Welcome To the Trevithick Trail

Skip to main content

Seasons - Autumn

Rowan Tree‘Season of mists and mellow fruitfulness’. The red berries of the Rowan tree start to appear in August and September. Later come the autumnal colours of the woodland, including the bright orange Beech trees, the buttery yellow of the Silver Birch and Rowan, and the reds and browns of the Oak. October is a great time to collect seed from the Hazel, Oak, Beech and Crab Apple and grow them on at home (perhaps in used jars and yogurt pots) to plant out in the woodland, or your garden in a year or two.

It’s really important to encourage the continuance of local seed, as this will continue local genetic strains of native tree species which have adapted over 1000’s of years to local conditions.

Autumn is also a great time to look for Fungi. In the woodland and grassland you will see many interesting types of fungi, some are bright and colourful, some less so. Fungi are considered the most important group of organisms on the planet, they play a vital role in recycling dead material (such as dead plants and animals) and returning it to the soil in a way that it can be used by other organisms.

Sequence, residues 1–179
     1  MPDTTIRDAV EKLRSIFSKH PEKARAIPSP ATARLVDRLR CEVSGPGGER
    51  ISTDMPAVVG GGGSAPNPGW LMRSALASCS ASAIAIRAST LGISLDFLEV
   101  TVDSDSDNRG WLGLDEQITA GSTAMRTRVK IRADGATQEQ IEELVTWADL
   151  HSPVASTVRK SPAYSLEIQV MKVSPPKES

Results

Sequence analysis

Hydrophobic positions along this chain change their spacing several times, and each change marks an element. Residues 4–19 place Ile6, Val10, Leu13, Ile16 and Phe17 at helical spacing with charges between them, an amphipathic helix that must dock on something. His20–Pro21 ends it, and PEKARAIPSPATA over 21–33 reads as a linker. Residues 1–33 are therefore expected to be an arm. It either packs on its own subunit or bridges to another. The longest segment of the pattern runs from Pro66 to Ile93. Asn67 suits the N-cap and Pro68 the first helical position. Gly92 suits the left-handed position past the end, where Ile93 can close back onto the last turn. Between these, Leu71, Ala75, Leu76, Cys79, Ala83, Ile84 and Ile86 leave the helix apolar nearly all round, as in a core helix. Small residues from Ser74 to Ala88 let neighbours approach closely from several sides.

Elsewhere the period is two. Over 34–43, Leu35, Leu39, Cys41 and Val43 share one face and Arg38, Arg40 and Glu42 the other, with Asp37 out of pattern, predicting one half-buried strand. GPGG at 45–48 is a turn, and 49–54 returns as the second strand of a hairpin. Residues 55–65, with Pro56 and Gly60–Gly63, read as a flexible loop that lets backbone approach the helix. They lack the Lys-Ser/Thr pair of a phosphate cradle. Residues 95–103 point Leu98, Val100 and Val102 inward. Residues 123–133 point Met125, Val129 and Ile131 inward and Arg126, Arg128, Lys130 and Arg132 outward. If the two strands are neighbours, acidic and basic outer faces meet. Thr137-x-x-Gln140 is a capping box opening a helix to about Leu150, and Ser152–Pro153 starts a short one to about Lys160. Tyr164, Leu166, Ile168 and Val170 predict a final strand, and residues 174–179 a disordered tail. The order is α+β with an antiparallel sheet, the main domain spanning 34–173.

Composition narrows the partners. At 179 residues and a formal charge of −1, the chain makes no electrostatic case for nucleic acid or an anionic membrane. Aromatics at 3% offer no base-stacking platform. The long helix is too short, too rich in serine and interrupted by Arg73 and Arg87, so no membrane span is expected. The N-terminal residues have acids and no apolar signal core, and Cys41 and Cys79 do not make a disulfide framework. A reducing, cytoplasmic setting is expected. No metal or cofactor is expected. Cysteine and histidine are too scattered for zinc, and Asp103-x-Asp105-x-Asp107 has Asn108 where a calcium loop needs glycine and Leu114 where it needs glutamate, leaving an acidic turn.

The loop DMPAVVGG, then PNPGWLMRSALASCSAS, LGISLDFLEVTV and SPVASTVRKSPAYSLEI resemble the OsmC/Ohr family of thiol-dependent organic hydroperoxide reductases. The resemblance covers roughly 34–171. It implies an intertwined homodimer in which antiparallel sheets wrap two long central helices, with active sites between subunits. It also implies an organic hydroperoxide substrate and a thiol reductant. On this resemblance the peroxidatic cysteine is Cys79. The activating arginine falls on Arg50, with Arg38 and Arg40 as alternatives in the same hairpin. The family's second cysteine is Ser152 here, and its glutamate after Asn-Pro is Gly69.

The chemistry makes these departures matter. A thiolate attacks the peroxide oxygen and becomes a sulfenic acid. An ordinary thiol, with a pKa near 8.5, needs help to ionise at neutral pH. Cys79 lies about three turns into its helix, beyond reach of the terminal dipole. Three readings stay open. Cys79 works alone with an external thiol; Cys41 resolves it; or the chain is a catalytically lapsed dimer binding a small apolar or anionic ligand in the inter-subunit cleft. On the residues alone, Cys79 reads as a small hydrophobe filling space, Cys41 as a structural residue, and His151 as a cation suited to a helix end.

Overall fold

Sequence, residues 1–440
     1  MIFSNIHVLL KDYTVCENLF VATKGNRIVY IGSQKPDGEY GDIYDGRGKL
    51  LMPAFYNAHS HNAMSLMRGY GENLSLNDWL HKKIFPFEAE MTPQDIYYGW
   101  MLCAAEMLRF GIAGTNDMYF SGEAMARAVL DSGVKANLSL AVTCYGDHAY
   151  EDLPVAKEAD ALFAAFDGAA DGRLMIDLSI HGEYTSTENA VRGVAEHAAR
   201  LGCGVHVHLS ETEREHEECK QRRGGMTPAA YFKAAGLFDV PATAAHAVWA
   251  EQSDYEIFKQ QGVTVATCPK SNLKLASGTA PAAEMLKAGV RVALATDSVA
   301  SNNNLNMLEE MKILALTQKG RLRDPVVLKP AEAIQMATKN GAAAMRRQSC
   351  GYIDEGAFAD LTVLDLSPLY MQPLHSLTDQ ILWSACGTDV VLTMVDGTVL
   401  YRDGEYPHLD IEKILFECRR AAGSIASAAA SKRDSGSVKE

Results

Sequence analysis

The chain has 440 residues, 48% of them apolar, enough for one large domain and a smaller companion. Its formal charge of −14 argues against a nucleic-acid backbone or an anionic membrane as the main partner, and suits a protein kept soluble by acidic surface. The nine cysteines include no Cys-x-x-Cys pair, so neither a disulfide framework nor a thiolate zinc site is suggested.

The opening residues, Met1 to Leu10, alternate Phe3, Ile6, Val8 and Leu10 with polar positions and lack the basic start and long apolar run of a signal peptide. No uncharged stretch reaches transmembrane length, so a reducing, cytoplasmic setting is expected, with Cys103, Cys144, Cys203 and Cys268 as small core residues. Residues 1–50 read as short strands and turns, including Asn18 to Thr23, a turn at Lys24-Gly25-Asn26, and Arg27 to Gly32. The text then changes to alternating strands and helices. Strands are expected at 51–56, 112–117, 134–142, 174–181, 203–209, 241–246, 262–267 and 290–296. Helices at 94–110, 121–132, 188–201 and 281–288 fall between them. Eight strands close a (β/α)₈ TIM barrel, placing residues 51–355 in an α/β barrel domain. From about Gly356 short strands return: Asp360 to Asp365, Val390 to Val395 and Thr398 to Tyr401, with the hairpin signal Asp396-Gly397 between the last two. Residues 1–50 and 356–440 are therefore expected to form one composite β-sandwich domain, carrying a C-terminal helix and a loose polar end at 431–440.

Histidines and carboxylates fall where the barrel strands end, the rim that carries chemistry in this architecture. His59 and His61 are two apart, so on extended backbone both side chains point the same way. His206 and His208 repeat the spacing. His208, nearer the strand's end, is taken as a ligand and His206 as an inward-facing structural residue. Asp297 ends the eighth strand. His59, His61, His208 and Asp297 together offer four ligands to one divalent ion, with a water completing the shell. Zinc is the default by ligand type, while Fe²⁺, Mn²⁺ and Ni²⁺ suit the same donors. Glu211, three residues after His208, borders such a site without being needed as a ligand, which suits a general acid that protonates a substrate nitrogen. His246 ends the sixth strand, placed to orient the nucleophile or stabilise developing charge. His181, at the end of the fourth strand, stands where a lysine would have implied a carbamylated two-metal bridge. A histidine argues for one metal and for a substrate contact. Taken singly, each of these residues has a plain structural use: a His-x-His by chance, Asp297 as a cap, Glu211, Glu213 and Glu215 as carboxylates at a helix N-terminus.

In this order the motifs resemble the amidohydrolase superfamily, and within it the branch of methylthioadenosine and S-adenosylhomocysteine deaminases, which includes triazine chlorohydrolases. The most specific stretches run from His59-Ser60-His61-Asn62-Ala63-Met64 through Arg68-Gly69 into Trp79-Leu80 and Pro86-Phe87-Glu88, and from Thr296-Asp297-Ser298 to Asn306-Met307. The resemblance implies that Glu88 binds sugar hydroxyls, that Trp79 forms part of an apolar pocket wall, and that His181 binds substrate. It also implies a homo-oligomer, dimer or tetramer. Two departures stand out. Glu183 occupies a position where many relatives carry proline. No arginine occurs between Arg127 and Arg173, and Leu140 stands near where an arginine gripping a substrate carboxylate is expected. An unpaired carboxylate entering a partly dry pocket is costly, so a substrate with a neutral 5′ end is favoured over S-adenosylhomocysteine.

JayWhen around Oak watch out for the acorn feeding Jay, with its’ colourful plumage unlike its’ other relatives in the Crow Family. The Jay is a shy bird, but you may notice its’ screaming call as it streaks across the woodland to collect and bury acorns – storing them for later in winter.

ButterflyAutumn is when Ivy blooms. The nectar rich flowers are a magnet to late flying insects, such as Red Admiral, Peacock, Painted Lady and Comma butterflies, Hoverflies and Bees.

ButterflyAfter dark, various species of moths are attracted to the heady scent and nectar of Ivy blossom.